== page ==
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Knight in a slimy armor for the U.S. Navy

Nature is where the engineering solution comes to rest. The U.S. Navy has been investigating for a product which can be used for protection for many years. Its U.S. good luck, they have found it in nature itself. They have a knight in a slimy armor coming their way.

The U.S. Navy, along with a group of engineers and scientists, is trying to develop a defense tool from nature itself. The researchers have found their layer of defense in a slimy Pacific hagfish underneath the waters. The hagfish can be used to create a synthetic material for the Navy’s benefit. Hagfish is also known as slime eels which secrete a slime to protect themselves from the predator’s gills. The slime is made up of two components—thread and mucin. The thread loosens up when in contact with water and mucin binds to the water to restrict the water flow. The interaction between mucin, thread, and water results in a 3D network slime. The slime can expand about ten thousand times its initial volume. The slime is similar to the product “kevlar” that is used normally in the bulletproof vests and combat helmets.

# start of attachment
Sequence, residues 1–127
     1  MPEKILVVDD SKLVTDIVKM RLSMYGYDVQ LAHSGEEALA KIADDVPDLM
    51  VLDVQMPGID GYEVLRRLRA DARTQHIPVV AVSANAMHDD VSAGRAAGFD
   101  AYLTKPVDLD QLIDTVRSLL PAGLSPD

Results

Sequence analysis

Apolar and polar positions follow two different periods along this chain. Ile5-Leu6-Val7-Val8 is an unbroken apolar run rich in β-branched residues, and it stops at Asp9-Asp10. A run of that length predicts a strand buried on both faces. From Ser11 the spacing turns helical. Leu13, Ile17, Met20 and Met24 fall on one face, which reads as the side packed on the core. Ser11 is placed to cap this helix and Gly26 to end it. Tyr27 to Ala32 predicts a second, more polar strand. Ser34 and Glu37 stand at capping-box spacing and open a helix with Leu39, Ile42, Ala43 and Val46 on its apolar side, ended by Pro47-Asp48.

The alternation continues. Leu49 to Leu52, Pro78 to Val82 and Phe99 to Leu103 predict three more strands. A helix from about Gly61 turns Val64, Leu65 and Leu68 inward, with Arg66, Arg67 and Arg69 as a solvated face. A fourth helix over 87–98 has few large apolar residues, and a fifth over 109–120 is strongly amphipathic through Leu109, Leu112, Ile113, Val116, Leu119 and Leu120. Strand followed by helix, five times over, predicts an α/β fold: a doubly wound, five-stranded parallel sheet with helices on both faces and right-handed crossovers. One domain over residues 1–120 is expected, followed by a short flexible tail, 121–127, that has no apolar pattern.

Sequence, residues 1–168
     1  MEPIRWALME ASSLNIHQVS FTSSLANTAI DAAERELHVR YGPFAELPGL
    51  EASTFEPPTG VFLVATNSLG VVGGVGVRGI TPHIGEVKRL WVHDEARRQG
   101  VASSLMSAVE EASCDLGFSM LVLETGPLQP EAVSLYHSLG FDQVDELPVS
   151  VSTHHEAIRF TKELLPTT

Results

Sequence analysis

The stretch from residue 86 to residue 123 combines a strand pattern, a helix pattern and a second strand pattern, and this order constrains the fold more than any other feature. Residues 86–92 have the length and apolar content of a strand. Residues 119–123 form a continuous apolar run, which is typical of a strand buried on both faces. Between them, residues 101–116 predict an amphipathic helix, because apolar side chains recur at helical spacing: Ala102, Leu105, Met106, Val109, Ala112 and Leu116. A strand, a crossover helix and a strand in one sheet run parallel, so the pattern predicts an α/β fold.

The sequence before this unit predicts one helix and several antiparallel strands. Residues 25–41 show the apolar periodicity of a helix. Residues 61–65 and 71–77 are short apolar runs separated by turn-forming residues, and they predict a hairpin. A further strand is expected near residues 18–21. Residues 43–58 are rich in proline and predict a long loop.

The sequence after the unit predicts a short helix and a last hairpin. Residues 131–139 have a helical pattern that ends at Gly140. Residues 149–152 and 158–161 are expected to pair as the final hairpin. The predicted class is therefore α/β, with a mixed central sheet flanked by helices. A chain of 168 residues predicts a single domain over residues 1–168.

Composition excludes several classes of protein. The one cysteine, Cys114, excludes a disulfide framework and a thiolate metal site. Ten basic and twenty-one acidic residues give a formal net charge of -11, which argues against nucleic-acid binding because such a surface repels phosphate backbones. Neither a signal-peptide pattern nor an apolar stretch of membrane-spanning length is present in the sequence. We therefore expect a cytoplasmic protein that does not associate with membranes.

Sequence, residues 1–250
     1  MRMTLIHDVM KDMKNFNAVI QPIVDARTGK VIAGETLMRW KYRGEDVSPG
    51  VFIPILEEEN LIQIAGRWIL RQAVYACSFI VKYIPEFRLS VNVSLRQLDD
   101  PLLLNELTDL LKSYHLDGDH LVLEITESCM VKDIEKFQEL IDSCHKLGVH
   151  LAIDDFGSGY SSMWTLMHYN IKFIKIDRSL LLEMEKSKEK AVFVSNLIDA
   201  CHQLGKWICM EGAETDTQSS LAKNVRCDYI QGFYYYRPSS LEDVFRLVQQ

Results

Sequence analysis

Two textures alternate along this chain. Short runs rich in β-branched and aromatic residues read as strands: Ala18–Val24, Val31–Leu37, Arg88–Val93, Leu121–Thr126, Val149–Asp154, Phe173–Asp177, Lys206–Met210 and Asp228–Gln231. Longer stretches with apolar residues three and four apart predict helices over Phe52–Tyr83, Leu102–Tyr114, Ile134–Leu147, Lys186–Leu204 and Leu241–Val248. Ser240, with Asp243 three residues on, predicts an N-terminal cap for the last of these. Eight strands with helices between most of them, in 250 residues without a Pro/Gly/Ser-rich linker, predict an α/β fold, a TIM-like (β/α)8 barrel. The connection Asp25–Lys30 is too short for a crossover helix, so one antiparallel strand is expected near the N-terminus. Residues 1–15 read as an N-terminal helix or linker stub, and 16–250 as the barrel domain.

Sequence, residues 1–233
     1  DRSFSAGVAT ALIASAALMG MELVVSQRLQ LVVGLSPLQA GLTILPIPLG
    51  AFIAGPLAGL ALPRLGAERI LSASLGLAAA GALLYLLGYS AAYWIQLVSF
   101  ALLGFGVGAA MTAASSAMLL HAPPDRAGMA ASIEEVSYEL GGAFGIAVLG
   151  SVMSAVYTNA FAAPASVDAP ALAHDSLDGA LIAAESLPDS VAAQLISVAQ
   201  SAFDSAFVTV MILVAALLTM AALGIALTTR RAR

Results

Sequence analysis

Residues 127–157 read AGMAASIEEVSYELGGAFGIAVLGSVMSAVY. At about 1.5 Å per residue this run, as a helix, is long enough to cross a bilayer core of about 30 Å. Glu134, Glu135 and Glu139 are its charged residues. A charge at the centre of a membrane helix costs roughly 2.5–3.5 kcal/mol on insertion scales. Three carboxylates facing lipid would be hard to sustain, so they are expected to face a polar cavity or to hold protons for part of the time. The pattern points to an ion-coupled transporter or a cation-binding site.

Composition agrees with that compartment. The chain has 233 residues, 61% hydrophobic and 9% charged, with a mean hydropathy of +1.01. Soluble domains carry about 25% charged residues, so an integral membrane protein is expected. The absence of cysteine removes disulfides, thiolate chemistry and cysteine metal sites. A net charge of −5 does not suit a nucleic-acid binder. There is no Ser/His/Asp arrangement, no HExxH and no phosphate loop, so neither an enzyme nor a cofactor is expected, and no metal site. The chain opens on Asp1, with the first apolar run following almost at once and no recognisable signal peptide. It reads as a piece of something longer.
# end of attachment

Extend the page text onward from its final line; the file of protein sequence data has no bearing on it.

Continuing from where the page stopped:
According to the researchers, their major goal is to develop a product which can be used in the defense to protect the war-fighters. The slime obtained from the hagfish can be used for diver protection, firefighting, anti-shark spray, explosive protection, and anti-fouling.

The researchers are still focusing towards creating synthetic slim and increasing its mass production. This biomimicking of the natural material to create a protective layer is very promising for the U.S. Navy.

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